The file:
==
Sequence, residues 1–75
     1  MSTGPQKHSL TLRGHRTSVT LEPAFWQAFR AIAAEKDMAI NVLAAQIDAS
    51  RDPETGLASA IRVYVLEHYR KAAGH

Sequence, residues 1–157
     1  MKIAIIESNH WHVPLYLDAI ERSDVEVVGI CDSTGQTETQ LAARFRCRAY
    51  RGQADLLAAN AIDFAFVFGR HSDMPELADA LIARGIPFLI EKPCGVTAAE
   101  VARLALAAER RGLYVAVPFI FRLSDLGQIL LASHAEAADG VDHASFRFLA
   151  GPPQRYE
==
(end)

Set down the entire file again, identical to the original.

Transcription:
Sequence, residues 1–75
     1  MSTGPQKHSL TLRGHRTSVT LEPAFWQAFR AIAAEKDMAI NVLAAQIDAS
    51  RDPETGLASA IRVYVLEHYR KAAGH

Sequence, residues 1–157
     1  MKIAIIESNH WHVPLYLDAI ERSDVEVVGI CDSTGQTETQ LAARFRCRAY
    51  RGQADLLAAN AIDFAFVFGR HSDMPELADA LIARGIPFLI EKPCGVTAAE
   101  VARLALAAER RGLYVAVPFI FRLSDLGQIL LASHAEAADG VDHASFRFLA
   151  GPPQRYE